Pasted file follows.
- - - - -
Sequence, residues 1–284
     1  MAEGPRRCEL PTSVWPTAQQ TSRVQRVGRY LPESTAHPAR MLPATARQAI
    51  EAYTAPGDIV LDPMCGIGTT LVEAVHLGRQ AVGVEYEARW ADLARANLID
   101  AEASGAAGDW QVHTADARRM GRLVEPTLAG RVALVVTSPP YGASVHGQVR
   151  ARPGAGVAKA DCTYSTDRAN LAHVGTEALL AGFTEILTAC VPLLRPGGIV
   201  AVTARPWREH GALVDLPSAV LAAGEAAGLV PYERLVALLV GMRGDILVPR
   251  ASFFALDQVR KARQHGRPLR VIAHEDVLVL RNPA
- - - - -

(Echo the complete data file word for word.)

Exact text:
Sequence, residues 1–284
     1  MAEGPRRCEL PTSVWPTAQQ TSRVQRVGRY LPESTAHPAR MLPATARQAI
    51  EAYTAPGDIV LDPMCGIGTT LVEAVHLGRQ AVGVEYEARW ADLARANLID
   101  AEASGAAGDW QVHTADARRM GRLVEPTLAG RVALVVTSPP YGASVHGQVR
   151  ARPGAGVAKA DCTYSTDRAN LAHVGTEALL AGFTEILTAC VPLLRPGGIV
   201  AVTARPWREH GALVDLPSAV LAAGEAAGLV PYERLVALLV GMRGDILVPR
   251  ASFFALDQVR KARQHGRPLR VIAHEDVLVL RNPA